SARTRE’S LA MAUVAISE FOI, THE NEGATION OF DE BEAUVOI’S MALAFIDE AND THE URBAN PHENOMENON IN THE MOVIE JULES ET JIM (1962) BY FRANCOIS TRUFFAUT

Fajar Muhammad Nugraha

Abstract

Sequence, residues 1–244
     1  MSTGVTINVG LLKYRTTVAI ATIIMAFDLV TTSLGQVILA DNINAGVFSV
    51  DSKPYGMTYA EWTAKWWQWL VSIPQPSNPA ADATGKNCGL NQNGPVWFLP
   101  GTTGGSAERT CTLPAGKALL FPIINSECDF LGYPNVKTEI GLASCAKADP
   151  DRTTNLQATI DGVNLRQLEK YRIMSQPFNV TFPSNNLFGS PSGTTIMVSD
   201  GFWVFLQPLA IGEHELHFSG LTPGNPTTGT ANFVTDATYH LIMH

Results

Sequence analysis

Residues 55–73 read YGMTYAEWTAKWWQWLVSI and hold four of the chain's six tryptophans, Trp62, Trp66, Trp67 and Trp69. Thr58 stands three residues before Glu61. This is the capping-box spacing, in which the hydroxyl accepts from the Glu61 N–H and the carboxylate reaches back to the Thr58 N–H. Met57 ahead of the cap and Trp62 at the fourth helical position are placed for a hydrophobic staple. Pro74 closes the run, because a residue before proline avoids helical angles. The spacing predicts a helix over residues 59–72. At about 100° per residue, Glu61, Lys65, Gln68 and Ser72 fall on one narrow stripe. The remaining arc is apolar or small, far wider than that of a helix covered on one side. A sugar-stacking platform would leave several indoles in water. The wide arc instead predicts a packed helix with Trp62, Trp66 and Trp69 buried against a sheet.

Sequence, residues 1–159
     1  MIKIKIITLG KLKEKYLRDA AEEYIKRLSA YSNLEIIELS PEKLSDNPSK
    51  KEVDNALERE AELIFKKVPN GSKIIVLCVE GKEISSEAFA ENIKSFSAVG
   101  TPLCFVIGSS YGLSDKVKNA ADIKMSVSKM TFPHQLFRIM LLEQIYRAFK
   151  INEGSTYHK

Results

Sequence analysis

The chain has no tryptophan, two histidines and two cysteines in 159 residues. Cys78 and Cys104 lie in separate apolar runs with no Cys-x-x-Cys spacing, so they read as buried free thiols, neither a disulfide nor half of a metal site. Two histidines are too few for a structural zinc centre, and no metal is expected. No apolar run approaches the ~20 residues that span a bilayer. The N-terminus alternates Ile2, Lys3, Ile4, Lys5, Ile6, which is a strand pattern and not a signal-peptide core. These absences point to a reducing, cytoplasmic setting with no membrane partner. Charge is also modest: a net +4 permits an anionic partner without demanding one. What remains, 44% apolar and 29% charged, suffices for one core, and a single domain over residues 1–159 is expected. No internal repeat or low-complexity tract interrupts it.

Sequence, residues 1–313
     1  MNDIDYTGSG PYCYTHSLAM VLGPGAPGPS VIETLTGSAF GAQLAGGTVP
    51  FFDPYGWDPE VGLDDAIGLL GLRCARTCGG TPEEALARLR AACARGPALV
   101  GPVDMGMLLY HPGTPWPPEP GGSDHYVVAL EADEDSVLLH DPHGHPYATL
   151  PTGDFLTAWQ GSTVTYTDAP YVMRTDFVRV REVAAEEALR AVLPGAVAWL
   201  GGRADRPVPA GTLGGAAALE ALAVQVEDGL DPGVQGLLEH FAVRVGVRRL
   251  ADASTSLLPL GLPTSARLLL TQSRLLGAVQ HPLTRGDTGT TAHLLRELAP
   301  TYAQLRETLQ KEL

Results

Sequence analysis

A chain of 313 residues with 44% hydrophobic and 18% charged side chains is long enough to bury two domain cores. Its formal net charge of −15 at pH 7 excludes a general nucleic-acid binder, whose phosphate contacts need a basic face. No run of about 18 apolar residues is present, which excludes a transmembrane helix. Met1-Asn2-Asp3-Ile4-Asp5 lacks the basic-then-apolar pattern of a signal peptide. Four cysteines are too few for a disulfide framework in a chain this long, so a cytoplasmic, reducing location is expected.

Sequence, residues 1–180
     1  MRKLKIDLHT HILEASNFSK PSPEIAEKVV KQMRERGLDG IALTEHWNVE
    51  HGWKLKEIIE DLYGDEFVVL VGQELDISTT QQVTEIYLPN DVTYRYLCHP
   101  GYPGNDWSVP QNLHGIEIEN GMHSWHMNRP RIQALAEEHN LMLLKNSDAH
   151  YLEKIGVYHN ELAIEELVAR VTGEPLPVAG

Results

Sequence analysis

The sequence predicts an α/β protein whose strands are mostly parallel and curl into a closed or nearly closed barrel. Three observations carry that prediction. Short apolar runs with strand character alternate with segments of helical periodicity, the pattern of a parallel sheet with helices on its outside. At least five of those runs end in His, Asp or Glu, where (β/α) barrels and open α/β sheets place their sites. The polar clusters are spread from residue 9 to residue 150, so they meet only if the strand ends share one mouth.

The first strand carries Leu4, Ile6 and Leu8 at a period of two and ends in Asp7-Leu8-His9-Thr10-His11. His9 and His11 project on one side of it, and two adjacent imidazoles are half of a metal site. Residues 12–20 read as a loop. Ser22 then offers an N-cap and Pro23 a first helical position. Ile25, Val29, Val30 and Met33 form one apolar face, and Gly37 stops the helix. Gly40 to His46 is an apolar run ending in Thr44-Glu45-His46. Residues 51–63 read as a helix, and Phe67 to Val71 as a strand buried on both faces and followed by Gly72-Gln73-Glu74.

The intersubjectivity war between male and female individuals has long been a central issue in the realm of existentialism. Jean Paul Sartre with the idea of his La mauvaise foi demands every individual to be responsible in accepting the consequences for every decision that has been taken by man. Meanwhile, Simone De Beauvoir seeks to perfect Sartre's idea of existentialism by focusing the object of his idea on the freedom of women as human beings. On that basis, Beauvoir introduced the idea of malafide which is an inferior form of man. More specifically, Beauvoir assumes that there are many factors that cause woman to become a malafide. In the Jules et Jim (1962) film by François Truffaut, Catherine's character is presented as a form of denial of the malafide human- more specifically, the human in this context is female. This article describes the negation of Catherine's character as a malafide female, while at the same time showing the form of human existentialism as a whole. In addition to the issue of existentialism and existentialist feminism, this article also describes the urban phenomenon of time and place in the background setting of the film: Jules et Jim (1962) by François Truffaut.

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